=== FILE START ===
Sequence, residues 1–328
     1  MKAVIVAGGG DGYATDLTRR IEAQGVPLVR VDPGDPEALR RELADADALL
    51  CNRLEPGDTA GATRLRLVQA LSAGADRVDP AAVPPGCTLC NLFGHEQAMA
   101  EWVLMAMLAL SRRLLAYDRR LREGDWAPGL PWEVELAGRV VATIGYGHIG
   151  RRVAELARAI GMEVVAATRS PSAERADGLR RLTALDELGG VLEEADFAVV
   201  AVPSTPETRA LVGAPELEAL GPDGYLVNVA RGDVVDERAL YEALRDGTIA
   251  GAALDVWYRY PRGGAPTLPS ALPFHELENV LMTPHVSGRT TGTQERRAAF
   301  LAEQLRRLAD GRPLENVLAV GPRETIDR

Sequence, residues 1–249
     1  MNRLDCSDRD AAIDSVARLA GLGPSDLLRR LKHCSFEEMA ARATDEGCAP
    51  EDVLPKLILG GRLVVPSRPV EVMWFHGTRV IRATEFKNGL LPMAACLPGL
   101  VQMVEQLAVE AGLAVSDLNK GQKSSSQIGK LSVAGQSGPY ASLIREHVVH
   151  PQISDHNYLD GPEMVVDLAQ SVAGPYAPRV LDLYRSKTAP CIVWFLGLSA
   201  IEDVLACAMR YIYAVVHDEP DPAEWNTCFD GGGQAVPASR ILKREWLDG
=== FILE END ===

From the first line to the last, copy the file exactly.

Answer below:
Sequence, residues 1–328
     1  MKAVIVAGGG DGYATDLTRR IEAQGVPLVR VDPGDPEALR RELADADALL
    51  CNRLEPGDTA GATRLRLVQA LSAGADRVDP AAVPPGCTLC NLFGHEQAMA
   101  EWVLMAMLAL SRRLLAYDRR LREGDWAPGL PWEVELAGRV VATIGYGHIG
   151  RRVAELARAI GMEVVAATRS PSAERADGLR RLTALDELGG VLEEADFAVV
   201  AVPSTPETRA LVGAPELEAL GPDGYLVNVA RGDVVDERAL YEALRDGTIA
   251  GAALDVWYRY PRGGAPTLPS ALPFHELENV LMTPHVSGRT TGTQERRAAF
   301  LAEQLRRLAD GRPLENVLAV GPRETIDR

Sequence, residues 1–249
     1  MNRLDCSDRD AAIDSVARLA GLGPSDLLRR LKHCSFEEMA ARATDEGCAP
    51  EDVLPKLILG GRLVVPSRPV EVMWFHGTRV IRATEFKNGL LPMAACLPGL
   101  VQMVEQLAVE AGLAVSDLNK GQKSSSQIGK LSVAGQSGPY ASLIREHVVH
   151  PQISDHNYLD GPEMVVDLAQ SVAGPYAPRV LDLYRSKTAP CIVWFLGLSA
   201  IEDVLACAMR YIYAVVHDEP DPAEWNTCFD GGGQAVPASR ILKREWLDG